Allowing a small-time megalomaniac like Sankoh, or other RUF commanders, to thumb their noses at the United Nations will simply embolden others to follow his example
We cannot endure another Somalia, a case where the international community blinked in a stare-down with another tyrant, Mohamed Farah Aideed.
The Somalia debacle was followed by the genocide in Rwanda, when swift military intervention by the West could have prevented the slaughter of hundreds of thousands of innocent people.
Failure to act now in Sierra Leone could doom planned peacekeeping operations in Congo-Kinshasa and elsewhere around the world. It most certainly would undermine the credibility of the United Nations and especially that of Secretary-General Kofi Annan, himself a West African.
Diplomatic protests from podiums in Washington, New York or any other place will not dissuade the likes of Sankoh, who respond only to force or the threat of force.
The Clinton administration is unlikely to send American troops or military advisors to Sierra Leone to bolster peacekeeping forces already there. But there is more the Clinton administration could do to improve the security situation.
The U.S. should strongly support an enhanced redeployment of Nigerian troops (working in tandem with the United Nations) to Sierra Leone, by providing logistical support. Washington should also re-arm and re-equip Nigerian forces in Sierra Leone, as well as provide them with counter-insurgency training necessary to confront RUF rebels.
Long before NATO and U.S.-led interventions in Bosnia and Kosovo, it was the Nigerian-led ECOMOG forces that held together the security situation in Liberia and Sierra Leone. Without their presence, diplomats would not have had the time to fashion peace agreements to end both conflicts.
The two operations cost Nigeria an estimated $10 billion over a decade - a huge sum for a country faced with its own severe economic problems. The U.S. contribution of $100 million defrayed only a fraction of Nigeria's expenses.
The Nigerian military role in Sierra Leone has always been controversial. But a commitment to regional peacekeeping has been a hallmark of Nigerian foreign policy from the past dictatorships to today's democratically elected government.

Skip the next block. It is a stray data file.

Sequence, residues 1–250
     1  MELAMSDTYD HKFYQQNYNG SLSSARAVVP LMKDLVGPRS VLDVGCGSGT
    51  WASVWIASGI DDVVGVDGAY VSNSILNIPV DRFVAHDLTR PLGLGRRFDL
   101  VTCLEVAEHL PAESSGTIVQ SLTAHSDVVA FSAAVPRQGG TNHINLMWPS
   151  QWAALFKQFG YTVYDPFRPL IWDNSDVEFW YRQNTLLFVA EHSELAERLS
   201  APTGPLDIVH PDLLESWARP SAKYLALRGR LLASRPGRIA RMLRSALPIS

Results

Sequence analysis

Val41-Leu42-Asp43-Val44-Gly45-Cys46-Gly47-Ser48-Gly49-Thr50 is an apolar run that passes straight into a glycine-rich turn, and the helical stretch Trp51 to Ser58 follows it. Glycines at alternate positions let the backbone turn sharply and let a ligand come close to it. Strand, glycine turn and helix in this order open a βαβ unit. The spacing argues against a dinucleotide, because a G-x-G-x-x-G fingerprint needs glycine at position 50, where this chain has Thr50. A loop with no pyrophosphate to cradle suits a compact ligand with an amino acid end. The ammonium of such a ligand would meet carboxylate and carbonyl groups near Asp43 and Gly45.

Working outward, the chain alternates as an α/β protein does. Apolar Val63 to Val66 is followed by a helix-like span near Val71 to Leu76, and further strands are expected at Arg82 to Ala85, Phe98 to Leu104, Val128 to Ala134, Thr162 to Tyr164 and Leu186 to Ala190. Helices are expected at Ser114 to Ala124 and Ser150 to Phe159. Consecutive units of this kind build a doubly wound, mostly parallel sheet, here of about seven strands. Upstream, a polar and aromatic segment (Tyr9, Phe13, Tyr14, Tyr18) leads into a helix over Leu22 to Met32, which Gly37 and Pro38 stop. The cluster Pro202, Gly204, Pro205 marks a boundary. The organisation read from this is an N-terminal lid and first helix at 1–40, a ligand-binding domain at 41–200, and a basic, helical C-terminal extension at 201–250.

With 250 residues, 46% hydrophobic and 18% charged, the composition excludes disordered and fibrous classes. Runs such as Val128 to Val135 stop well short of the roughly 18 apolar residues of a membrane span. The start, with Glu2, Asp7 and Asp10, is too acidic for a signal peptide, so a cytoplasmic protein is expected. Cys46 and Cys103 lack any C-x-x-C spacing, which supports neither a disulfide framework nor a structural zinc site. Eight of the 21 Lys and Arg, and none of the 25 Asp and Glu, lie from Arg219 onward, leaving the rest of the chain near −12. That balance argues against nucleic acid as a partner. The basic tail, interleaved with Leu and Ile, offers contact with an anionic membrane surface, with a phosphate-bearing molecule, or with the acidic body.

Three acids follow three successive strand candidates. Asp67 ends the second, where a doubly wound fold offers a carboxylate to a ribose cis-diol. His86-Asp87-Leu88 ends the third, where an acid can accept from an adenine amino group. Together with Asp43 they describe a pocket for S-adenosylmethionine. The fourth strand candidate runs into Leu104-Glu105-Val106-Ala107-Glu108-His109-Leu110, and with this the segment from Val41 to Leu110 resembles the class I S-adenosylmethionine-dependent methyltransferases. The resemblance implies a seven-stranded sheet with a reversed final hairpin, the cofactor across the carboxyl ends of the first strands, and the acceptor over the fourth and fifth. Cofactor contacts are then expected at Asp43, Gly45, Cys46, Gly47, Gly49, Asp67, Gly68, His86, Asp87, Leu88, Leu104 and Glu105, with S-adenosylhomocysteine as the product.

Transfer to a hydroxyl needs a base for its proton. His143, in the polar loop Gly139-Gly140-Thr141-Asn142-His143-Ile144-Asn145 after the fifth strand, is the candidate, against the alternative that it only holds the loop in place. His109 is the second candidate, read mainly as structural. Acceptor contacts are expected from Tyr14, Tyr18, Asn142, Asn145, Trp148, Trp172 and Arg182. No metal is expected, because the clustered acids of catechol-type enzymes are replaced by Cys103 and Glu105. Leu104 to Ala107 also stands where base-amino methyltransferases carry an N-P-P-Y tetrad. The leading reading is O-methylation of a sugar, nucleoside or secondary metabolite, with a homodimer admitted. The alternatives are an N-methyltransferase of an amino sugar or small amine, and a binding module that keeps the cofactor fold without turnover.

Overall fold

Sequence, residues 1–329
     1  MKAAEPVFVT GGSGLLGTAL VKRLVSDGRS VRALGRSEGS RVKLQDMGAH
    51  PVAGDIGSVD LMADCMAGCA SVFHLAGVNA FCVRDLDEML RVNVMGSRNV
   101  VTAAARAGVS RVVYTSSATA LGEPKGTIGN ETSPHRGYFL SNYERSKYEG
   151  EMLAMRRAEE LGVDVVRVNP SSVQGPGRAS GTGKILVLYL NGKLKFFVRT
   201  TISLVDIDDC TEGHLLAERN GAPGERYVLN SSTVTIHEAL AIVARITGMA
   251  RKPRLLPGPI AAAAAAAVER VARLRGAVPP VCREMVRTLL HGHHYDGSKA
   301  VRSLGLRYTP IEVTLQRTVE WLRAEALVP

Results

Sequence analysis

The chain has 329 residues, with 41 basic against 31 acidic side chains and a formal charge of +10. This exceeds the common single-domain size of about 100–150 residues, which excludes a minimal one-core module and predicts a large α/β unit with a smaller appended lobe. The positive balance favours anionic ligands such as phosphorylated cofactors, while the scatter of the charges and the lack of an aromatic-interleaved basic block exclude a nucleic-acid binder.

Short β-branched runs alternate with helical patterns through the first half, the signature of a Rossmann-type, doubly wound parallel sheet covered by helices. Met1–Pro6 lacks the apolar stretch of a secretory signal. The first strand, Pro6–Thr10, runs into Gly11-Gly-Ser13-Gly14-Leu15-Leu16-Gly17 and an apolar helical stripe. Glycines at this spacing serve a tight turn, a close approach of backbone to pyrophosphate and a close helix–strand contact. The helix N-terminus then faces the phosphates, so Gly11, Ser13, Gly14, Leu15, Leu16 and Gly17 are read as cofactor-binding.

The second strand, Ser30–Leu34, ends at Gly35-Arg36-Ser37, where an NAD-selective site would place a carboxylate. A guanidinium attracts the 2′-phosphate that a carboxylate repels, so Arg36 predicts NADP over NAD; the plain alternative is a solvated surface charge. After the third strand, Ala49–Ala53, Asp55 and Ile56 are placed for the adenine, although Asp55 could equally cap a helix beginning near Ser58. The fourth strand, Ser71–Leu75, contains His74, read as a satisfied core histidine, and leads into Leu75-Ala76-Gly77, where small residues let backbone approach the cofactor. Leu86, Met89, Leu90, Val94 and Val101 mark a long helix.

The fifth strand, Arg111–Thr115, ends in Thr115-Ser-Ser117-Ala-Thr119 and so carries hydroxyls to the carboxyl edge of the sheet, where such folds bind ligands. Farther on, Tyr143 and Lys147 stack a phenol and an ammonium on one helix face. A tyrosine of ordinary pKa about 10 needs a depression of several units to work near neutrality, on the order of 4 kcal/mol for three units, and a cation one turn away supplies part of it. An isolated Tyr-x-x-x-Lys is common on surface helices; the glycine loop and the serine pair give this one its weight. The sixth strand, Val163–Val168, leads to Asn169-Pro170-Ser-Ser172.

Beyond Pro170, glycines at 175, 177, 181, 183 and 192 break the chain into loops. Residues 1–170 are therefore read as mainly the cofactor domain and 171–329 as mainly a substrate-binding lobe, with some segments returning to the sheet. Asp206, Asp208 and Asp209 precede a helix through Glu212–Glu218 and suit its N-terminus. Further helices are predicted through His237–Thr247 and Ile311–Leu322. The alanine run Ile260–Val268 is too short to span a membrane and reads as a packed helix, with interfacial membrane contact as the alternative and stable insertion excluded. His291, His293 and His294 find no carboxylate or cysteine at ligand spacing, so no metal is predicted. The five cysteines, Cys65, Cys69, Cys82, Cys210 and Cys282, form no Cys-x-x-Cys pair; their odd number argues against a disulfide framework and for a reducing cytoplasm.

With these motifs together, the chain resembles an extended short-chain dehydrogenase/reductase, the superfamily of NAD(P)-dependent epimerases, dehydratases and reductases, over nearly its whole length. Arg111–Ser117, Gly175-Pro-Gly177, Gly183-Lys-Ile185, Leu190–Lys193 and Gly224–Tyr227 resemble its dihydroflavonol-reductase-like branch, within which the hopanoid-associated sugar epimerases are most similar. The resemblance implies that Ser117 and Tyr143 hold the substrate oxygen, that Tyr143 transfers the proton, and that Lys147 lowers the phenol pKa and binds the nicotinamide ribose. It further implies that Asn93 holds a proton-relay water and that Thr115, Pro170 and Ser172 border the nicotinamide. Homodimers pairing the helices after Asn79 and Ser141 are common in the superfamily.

Despite its problems, Nigeria is an emerging democracy and, perhaps, America's largest and strongest ally in West Africa.
Nigeria's role in re-engaging in Sierra Leone and stabilizing West Africa is pivotal. To facilitate the enhanced deployment of peacekeeping forces in Sierra Leone, Sen. Judd Gregg (R-N.H.), chairman of the Senate's subcommittee on Commerce, Justice and State Department Operations, should release the balance of the $96 million the U.S. promised to support the operation in the first place. This should be a down payment to a more generous subsidy to allow the Nigerians to play a direct peacekeeping role that the U.S. wants to avoid.
The administration erred in supporting the Lome agreement, but it must be prepared to see that a peace accord is implemented. Nigeria's help in this regard is indispensable. If the RUF does not immediately comply, the blanket amnesty should be revoked and Sankoh and his band of killers should be tried as war criminals.
A failure by the United Nations and the U.S. to act now will almost ensure that there will be future "Sankohs" and more "Sierra Leones" in Africa, and throughout the world. And the cost of an enhanced redeployment in Sierra Leone will be far cheaper than the loss of credibility for the international community and the rule of law.
Leonard H. Robinson Jr., is the president and CEO of the National Summit on Africa, in Washington, and a former Deputy Assistant Sec retary of State for African Affairs. A turning point in Sierra Leone 'Milosevic of West Africa' Foday Sankoh will destroy his country unless we stop him.